Begging the Question A fallacy that occurs when you use a conclusion that is also your premise; also called a circular argument (p. FF-85).

Example: All educated people can speak competently in public (all competent speakers are educated).

Causal Reasoning Reasoning that seeks to establish the relationship between causes and effects (p. 443).

Claim A statement or point the speaker is attempting to make, assertion (argument model).

Convention The way things are usually done; perhaps less stringent than a rule, but still a major consideration in the production of a text. Conventions may affect decisions as broad as the organization of a text or as narrow as the punctuation of a sentence.

Copy-editing The process of reviewing a text for the purpose of addressing grammatical and mechanical considerations.

Critical Listening Listening that challenges the speaker’s message by evaluating its accuracy, meaningfulness, and utility (p. FF-78).

Critical Thinking Analyzing and judging the accuracy of messages (p. FF-79). Focused, organized thinking about such things as the logical relationships among ideas, the soundness of evidence, and differences between fact and opinion (p. 16).

Deductive Argument (reasoning from principle) An argument that progresses from a general proposition to a specific instance (p. FF-82).

Delivery The process of making a spoken text public; the presentation of a spoken text to its audience. Note: delivery may also refer to the medium of delivery used for a text (for example, a web page has a very specific presentation/delivery)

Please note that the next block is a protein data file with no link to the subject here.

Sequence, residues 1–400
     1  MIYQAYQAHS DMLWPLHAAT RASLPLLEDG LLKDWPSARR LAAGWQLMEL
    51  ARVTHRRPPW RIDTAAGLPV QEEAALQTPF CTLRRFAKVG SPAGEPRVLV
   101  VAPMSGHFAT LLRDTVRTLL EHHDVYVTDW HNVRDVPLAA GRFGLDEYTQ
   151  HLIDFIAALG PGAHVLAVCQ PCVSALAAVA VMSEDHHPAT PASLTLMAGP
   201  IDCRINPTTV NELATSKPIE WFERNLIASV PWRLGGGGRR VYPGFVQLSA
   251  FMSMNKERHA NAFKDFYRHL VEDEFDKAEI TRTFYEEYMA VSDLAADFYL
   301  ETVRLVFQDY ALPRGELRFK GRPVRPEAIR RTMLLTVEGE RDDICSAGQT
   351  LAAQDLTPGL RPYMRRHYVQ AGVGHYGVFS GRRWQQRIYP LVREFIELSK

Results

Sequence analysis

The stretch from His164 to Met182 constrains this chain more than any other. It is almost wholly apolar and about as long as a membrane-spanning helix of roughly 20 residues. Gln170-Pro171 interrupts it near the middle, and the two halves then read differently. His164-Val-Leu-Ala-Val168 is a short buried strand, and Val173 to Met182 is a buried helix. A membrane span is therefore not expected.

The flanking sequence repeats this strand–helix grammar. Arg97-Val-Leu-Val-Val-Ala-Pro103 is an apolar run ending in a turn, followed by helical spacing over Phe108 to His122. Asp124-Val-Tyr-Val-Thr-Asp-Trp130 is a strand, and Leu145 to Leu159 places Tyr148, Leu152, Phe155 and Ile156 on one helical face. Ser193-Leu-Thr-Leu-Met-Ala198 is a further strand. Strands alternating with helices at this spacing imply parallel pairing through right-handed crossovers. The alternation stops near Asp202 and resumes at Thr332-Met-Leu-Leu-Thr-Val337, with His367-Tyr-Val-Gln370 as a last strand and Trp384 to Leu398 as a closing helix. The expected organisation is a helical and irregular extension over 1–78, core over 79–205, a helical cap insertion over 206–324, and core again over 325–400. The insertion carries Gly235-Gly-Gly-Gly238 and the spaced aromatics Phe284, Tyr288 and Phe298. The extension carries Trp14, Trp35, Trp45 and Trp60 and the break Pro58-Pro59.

Discourse Community A group of “knowledgeable peers” whose ideas shape and are shaped by each other’s thinking, speaking, and writing.

Discovery Draft A single, early iteration of a text, generally used for the discovery of possible ideas, issues, audiences, purposes, and so on.

Division (Fallacy of) A fallacy in which you argue that what is true of the parts must be true of the whole or that what is true of the whole must be true of the parts.

Example: Jimmy, a student in my history class, is highly motivated. The whole class must be over-achievers.

Documentation The process of identifying for the audience the sources of information and evidence used in a text. Ethical and responsible writers and speakers routinely document all outside sources within the body of the text and in a separate listing.

Draft for Editing A late draft of a text; respondents are asked to consider meaning-preserving issues such as grammar and mechanics.

Draft for Response A relatively early draft of a text; respondents are asked to help the author create meaning and knowledge by offering their own perspectives on the issue and the text as well as responding to questions posed by the author.

Enthymeme Parts of a deductive argument, such as a premise or a conclusion (p. FF-83). A truncated syllogism.